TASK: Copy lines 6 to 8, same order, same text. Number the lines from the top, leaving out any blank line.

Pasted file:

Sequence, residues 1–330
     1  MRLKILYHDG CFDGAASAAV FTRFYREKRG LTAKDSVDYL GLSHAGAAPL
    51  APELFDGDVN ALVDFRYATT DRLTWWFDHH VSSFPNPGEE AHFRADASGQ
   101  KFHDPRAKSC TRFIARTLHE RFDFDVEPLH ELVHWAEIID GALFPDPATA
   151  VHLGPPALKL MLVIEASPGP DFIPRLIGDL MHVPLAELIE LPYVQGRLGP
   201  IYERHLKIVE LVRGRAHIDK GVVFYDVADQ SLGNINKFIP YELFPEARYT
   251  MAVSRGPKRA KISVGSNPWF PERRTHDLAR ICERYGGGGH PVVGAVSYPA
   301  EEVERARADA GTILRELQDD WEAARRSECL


   201  IYERHLKIVE LVRGRAHIDK GVVFYDVADQ SLGNINKFIP YELFPEARYT
   251  MAVSRGPKRA KISVGSNPWF PERRTHDLAR ICERYGGGGH PVVGAVSYPA
   301  EEVERARADA GTILRELQDD WEAARRSECL